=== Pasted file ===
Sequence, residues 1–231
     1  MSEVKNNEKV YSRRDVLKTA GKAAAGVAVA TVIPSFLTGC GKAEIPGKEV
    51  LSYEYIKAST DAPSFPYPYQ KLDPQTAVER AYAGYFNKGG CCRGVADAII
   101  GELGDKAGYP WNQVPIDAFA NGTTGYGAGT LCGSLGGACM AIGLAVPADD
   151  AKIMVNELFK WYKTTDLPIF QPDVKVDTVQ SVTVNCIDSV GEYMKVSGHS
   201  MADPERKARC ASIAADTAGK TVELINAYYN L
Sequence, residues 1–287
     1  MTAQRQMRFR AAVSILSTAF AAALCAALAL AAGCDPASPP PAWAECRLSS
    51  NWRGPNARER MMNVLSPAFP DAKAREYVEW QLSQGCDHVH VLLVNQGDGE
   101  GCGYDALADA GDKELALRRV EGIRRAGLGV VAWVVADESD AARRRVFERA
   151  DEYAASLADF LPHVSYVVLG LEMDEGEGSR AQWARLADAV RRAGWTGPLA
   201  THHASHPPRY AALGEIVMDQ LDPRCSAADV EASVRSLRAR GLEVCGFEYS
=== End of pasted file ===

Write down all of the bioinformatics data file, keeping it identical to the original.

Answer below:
Sequence, residues 1–231
     1  MSEVKNNEKV YSRRDVLKTA GKAAAGVAVA TVIPSFLTGC GKAEIPGKEV
    51  LSYEYIKAST DAPSFPYPYQ KLDPQTAVER AYAGYFNKGG CCRGVADAII
   101  GELGDKAGYP WNQVPIDAFA NGTTGYGAGT LCGSLGGACM AIGLAVPADD
   151  AKIMVNELFK WYKTTDLPIF QPDVKVDTVQ SVTVNCIDSV GEYMKVSGHS
   201  MADPERKARC ASIAADTAGK TVELINAYYN L
Sequence, residues 1–287
     1  MTAQRQMRFR AAVSILSTAF AAALCAALAL AAGCDPASPP PAWAECRLSS
    51  NWRGPNARER MMNVLSPAFP DAKAREYVEW QLSQGCDHVH VLLVNQGDGE
   101  GCGYDALADA GDKELALRRV EGIRRAGLGV VAWVVADESD AARRRVFERA
   151  DEYAASLADF LPHVSYVVLG LEMDEGEGSR AQWARLADAV RRAGWTGPLA
   201  THHASHPPRY AALGEIVMDQ LDPRCSAADV EASVRSLRAR GLEVCGFEYS